Safeguard family stories; Exiting group chats
Also: My favorite watchband
May 1, 2022 | View PDF
Q. I love making printed photo books on my computer. Is there a way to make something like a photo book, only with text instead?
A. There are dozens of different tools for creating printed books on computers, but most of them are complex and hard to use. One exception I am very intrigued by is a Web-based service called Storyworth (www.storyworth.com).
For a one-year subscription of about $100, Storyworth will email you (or a gift recipient) a weekly question. After a year, the questions and answers are collected in a printed hard cover book.
As I have written about many times before, storing very important data only on a computer is a challenge, especially when you want the data to be handed down from one generation to the next.
Storyworth has found a way to build family stories into something like a photo album without requiring any computer expertise beyond email messages. They provide the starting points (although you can also add your own), a working structure and a final printed product. You or someone you know provides the stories.
You can collaborate with others as the stories are written during the year, while at the same time creating a family keepsake that will last.
Q. How do I quietly leave a group chat inside the Messages app on my iPhone?
A. Because of the nature of how instant messages work on cell networks, there is no single answer. The chats where messages appear inside green bubbles are especially difficult to manage.
The Apple Messages app uses the color green to denote “original” SMS-style text messages.
When the Messages app first appeared years ago, blue bubbles usually meant that the message did not incur a per-message fee, compared to green bubbles, which did. Those cellphone plans are mostly gone, but the blue and green bubbles have adopted a fresh meaning: messages sent from an Apple device are blue and those that do not are green.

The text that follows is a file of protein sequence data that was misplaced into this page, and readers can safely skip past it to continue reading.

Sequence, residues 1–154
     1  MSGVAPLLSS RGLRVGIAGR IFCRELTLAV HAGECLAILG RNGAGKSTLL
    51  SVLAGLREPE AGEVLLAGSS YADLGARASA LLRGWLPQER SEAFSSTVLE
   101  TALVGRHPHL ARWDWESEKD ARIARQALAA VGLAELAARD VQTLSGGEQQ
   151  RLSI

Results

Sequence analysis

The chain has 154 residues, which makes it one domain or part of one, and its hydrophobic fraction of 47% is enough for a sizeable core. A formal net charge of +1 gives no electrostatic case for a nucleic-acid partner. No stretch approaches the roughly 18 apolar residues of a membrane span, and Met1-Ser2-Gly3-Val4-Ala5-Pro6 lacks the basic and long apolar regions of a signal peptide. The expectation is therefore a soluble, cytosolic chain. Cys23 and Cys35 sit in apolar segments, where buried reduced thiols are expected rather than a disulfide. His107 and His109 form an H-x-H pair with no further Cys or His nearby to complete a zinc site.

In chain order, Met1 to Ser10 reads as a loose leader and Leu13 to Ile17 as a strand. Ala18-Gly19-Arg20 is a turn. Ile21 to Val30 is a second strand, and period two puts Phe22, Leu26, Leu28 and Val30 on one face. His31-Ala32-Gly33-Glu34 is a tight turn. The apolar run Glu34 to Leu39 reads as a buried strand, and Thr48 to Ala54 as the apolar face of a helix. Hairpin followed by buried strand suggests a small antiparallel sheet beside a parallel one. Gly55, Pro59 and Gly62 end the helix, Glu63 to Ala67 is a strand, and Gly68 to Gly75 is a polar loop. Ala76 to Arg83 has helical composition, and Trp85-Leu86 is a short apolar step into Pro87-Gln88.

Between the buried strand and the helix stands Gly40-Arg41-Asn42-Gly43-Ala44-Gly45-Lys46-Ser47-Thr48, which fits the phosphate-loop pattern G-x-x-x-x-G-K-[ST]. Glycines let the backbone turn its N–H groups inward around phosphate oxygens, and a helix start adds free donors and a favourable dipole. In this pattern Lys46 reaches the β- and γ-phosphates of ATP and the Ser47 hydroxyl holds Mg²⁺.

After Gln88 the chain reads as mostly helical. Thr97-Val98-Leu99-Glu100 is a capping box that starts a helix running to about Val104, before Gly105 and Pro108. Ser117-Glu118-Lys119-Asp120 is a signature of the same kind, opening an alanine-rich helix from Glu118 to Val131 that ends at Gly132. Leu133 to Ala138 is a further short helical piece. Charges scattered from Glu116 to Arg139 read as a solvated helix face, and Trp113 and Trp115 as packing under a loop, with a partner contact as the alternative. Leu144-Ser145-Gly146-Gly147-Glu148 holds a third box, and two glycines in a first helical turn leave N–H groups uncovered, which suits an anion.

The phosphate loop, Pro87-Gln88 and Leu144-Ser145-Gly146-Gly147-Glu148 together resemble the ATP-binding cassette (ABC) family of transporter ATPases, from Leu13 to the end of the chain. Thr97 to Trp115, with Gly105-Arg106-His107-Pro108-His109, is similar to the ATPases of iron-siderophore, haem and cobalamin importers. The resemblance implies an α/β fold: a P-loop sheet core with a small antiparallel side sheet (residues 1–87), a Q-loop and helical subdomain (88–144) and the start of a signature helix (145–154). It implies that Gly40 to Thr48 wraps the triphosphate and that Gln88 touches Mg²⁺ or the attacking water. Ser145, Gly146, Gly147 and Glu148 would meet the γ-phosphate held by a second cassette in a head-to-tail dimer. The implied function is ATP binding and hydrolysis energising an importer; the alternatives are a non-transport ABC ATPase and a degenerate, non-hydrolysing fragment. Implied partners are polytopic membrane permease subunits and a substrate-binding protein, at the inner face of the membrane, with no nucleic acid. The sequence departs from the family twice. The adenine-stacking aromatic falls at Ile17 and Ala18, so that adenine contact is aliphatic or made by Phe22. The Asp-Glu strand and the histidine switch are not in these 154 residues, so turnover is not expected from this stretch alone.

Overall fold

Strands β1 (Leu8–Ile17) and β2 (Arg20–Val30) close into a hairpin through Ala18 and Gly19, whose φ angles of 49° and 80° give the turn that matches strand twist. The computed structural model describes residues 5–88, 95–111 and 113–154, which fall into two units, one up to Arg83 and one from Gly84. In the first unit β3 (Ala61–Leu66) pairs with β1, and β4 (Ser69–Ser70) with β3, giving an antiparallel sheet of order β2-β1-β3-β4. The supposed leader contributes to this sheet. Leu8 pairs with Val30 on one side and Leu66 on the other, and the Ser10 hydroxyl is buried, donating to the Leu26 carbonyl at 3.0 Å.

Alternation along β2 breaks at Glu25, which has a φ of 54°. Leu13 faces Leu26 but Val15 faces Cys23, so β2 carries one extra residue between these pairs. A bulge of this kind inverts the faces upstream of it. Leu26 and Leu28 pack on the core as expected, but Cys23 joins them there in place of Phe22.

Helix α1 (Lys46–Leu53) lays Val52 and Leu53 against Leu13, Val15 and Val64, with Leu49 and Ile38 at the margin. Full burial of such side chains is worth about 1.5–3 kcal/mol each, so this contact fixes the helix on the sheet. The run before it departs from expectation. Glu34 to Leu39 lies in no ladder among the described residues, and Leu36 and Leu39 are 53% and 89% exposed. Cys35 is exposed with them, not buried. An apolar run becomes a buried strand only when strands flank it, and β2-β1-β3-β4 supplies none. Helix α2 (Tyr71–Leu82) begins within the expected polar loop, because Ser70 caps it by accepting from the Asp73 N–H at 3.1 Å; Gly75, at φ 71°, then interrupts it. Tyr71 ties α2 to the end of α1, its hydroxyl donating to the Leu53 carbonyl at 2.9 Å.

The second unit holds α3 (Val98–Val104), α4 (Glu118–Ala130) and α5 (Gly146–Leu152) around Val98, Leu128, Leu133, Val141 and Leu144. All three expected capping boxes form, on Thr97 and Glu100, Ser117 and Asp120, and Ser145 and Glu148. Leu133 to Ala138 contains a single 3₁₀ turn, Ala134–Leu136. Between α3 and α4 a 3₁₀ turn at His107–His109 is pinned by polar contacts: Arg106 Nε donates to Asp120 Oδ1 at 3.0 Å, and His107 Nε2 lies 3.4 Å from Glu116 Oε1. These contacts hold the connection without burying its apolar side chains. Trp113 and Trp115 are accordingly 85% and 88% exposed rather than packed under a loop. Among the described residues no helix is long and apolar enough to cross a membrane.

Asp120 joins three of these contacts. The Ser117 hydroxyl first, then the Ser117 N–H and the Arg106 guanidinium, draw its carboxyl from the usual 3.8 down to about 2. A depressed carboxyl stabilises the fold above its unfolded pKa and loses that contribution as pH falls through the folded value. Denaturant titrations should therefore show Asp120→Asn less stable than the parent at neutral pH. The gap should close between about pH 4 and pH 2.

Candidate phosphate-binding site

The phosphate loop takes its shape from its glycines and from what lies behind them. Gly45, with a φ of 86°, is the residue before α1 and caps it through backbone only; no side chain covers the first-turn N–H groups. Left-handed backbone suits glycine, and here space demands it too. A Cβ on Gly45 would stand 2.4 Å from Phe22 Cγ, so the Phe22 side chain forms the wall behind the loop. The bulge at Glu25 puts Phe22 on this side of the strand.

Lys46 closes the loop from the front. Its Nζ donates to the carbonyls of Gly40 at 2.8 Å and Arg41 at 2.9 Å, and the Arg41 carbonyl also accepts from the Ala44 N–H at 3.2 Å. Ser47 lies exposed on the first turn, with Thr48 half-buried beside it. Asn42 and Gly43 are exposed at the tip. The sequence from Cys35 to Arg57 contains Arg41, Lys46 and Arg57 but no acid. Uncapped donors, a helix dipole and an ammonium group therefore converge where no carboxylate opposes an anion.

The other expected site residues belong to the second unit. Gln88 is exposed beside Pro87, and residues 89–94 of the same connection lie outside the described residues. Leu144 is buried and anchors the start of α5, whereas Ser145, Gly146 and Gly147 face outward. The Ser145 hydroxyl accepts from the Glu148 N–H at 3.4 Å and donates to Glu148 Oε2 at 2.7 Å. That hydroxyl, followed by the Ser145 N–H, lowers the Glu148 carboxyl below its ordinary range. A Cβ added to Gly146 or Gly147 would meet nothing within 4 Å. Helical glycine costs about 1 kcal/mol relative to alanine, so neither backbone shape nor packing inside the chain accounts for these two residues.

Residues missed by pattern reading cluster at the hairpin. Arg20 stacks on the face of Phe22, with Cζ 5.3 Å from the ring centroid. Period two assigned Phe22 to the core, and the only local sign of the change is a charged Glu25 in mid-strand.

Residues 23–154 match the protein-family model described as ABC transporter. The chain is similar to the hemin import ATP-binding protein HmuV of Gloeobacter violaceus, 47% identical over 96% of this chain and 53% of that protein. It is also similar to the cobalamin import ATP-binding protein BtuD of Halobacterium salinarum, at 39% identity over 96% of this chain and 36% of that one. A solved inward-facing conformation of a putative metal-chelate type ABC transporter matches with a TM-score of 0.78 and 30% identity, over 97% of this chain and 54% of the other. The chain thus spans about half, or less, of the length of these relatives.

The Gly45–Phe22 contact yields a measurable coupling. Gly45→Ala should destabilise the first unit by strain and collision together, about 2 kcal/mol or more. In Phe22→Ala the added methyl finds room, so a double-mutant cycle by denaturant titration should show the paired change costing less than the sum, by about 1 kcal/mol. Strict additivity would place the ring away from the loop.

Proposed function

The sender’s device matters because it affects how you manage incoming notifications.
At the very top of each chat in the center of the screen is an icon and a name. If the chat is with one person, that person’s name appears below their image. If the chat is a group, the text will show the number of people inside the group or the group’s name. Tapping the name and icon will reveal an Info panel.
The Info panel’s content varies depending on the chat. The easiest situation is when all the message bubbles are blue. In that case, one of the choices inside the Info panel is a button titled “Leave this Conversation.” Tap the button and confirm to leave the group. The other members of the group will “see” that you left.
If the Leave button is not present, it means the group chat contains at least one member who used a traditional text message and leaving is not possible.
However, there is one remaining option. And while it does not stop group messages, it will stop the unwanted alerts and allow you to quietly ignore the group. Reopen the Info panel, and turn on the switch labeled “Hide Alerts.”
Q. Do you have a favorite Apple Watch band?
A. I adore the Braided Solo Loop. I think it is a wonderful product. Over the years I have tried a number of different bands, both from Apple and third parties, but I was happiest with the Sport Band that came with the watch.
Last summer, I switched to a Solo Loop. I liked the Sport Band, and the Solo Loop was a nice upgrade. It was very lightweight and it did not have a clasp to scratch against the keyboard tray on my desk.
The Solo Loop was my favorite until my wife bought me a Braided Solo Loop as a gift. It is as comfortable as the Solo Loop, but its blend of materials feels like a natural fabric.
Watch band selection, like any jewelry or clothing choice, is deeply personal and one size never fits all. For me, the Braided Solo Loop is the perfect blend of form and feel. It stands out as the best band I have ever used.
Wander the Web
Here are my picks for worthwhile browsing this month:
Smartphone History Uncovered
A 30-minute documentary about Handspring Inc., an early pioneer in handheld computers.
Where is Webb?
This portal explores the journey of the James Webb Space Telescope.
According to scientists, Cosmic Latte is the average color of the universe. Seriously. They can call it whatever, it looks like beige to me.
Bob has been writing about technology for over three decades. He can be contacted at firstname.lastname@example.org.